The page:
Speaking in Saudi Arabia, Defense Secretary Jim Mattis called for a political solution in Yemen—but he also left the door open to backing a controversial Arab bombing campaign against Houthi rebels. The New York Times:
Defense Secretary Jim Mattis called on Wednesday for a political solution in Yemen between Sunni Arabs, supported by a Saudi-led coalition, and Iranian-backed Houthis, but he stopped short of publicly warning America’s Sunni allies against a planned bombing campaign targeting the port city of Al Hudaydah. […]
American officials hinted at additional military and intelligence support for Saudi Arabia and the United Arab Emirates in Yemen. They said a stepped-up military campaign against the Houthi fighters who have taken over the capital and portions of the country may be necessary to bring the group and its ally, former President Ali Abdullah Saleh of Yemen, to the negotiating table. […]
American officials acknowledged concern about the effects of a sustained bombing campaign, but they also said both sides would be more likely to compromise after one more military fight.
The headlines are touting Mattis’s support for UN-backed negotiations, but by the sound of it, he still thinks an intensified military campaign might be the way to get there. As we explained this past month, there are good reasons why Mattis would be tempted by that prospect: Helping the Saudis and Emiratis retake Hudaydah could dislodge an Iranian proxy and re-establish credibility with our Sunni Arab allies in one fell swoop. And from a tactical perspective, that objective could theoretically be achieved with minimal U.S. commitment.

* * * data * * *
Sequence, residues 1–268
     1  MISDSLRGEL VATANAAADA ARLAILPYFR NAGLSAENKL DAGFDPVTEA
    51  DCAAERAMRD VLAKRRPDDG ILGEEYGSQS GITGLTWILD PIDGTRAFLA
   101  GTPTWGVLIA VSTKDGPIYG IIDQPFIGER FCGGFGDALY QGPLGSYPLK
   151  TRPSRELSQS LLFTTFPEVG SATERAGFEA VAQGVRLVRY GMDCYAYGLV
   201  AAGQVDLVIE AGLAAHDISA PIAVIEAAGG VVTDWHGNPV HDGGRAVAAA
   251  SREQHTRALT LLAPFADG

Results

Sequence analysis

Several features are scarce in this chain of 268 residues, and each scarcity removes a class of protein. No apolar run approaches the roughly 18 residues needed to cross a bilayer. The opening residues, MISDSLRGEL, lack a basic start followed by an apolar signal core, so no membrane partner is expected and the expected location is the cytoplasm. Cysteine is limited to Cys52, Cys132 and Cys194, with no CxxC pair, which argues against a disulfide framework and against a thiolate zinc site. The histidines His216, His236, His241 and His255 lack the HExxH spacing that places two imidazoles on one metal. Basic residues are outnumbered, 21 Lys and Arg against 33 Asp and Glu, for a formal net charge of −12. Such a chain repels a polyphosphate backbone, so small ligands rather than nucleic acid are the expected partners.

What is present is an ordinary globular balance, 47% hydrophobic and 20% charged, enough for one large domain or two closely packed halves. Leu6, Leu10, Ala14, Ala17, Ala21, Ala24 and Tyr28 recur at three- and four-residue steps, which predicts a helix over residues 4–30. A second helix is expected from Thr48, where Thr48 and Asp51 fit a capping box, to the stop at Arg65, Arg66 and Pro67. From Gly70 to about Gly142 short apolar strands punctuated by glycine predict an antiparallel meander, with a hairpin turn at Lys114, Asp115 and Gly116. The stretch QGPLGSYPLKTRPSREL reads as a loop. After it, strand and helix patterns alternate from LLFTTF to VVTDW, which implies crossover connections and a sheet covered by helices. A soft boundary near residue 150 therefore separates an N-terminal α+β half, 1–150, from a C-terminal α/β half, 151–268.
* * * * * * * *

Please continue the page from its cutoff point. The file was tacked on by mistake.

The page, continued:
Indeed, Buzzfeed confirmed this week that the Defense Department is making this argument behind the scenes, arguing that the Saudi-Emirati campaign to retake Hudaydah could be a “clean,” 4-6 week operation that would put teeth into Trump’s pledge to roll back Iranian influence. That optimistic assessment is being questioned by the State Department and USAID, who are concerned about exacerbating the famine in Yemen. But such dissent may fall on deaf ears given the leeway granted to the Pentagon in the early days of the Trump Administration: Trump has spoken of giving the military “total authorization,” and it is Mattis who has apparently taken the lead both in crafting a Middle East strategy and conducting diplomatic outreach to the Sunni Arab allies estranged during the Obama years.
So far, Mattis has done a capable job, but there are risks to the short-term military thinking that could dominate the decision-making in Yemen. Unconditionally backing the Saudis could lead them to push a limited campaign too far and try to win the war outright, with the humanitarian situation deteriorating in the meantime. And any diplomatic solution will need buy-in and coordination from an understaffed State Department and other agencies that are reportedly resisting the Pentagon’s arguments.
Still, Mattis’s latest comments suggest that he has his eyes on a political endgame, and thinks the United States can play a mediating role in forcing the Saudis and Houthis to make compromises they otherwise would not on their own. If Mattis can pull this off—delivering a credible show of force to Iran while re-establishing U.S. credibility as an indispensable Middle East mediator—his stock within the Administration is likely to rise even higher.